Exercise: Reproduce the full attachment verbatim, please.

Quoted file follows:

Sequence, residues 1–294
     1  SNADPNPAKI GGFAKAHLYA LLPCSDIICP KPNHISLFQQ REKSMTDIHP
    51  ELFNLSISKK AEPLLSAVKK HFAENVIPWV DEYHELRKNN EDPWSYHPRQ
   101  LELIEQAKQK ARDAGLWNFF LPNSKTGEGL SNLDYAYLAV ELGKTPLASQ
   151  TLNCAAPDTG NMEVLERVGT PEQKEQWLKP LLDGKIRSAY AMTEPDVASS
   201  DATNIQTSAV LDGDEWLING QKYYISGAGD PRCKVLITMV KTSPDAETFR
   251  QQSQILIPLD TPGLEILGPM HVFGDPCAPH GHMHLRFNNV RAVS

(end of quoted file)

Sequence, residues 1–294
     1  SNADPNPAKI GGFAKAHLYA LLPCSDIICP KPNHISLFQQ REKSMTDIHP
    51  ELFNLSISKK AEPLLSAVKK HFAENVIPWV DEYHELRKNN EDPWSYHPRQ
   101  LELIEQAKQK ARDAGLWNFF LPNSKTGEGL SNLDYAYLAV ELGKTPLASQ
   151  TLNCAAPDTG NMEVLERVGT PEQKEQWLKP LLDGKIRSAY AMTEPDVASS
   201  DATNIQTSAV LDGDEWLING QKYYISGAGD PRCKVLITMV KTSPDAETFR
   251  QQSQILIPLD TPGLEILGPM HVFGDPCAPH GHMHLRFNNV RAVS